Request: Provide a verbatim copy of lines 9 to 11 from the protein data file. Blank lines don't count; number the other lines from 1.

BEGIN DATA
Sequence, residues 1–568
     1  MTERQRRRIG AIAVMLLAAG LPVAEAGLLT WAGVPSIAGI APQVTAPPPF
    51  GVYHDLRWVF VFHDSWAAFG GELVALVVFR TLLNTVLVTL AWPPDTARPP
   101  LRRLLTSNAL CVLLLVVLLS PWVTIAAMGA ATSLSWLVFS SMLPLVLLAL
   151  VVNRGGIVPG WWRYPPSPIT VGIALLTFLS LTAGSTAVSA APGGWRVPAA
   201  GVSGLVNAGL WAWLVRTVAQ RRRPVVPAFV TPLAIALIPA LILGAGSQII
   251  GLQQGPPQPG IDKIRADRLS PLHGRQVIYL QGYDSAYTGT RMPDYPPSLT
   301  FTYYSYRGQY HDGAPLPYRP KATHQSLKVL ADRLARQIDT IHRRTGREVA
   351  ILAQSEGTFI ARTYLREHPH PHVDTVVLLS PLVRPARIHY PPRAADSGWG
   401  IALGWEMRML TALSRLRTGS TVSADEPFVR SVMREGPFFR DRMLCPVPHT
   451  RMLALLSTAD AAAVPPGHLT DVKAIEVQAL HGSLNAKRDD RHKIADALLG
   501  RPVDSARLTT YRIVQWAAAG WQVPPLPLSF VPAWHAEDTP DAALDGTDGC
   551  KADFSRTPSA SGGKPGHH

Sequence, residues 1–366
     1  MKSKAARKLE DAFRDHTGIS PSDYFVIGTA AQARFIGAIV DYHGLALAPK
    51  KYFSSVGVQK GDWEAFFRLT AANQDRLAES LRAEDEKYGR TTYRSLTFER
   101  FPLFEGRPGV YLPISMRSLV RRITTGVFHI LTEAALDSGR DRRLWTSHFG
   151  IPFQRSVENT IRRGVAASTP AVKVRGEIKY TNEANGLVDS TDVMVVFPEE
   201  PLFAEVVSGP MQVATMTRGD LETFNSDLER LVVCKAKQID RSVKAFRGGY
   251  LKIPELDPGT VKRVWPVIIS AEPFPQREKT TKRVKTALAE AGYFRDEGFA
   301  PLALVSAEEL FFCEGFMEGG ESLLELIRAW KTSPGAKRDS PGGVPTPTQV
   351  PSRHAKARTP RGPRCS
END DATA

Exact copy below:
   351  ILAQSEGTFI ARTYLREHPH PHVDTVVLLS PLVRPARIHY PPRAADSGWG
   401  IALGWEMRML TALSRLRTGS TVSADEPFVR SVMREGPFFR DRMLCPVPHT
   451  RMLALLSTAD AAAVPPGHLT DVKAIEVQAL HGSLNAKRDD RHKIADALLG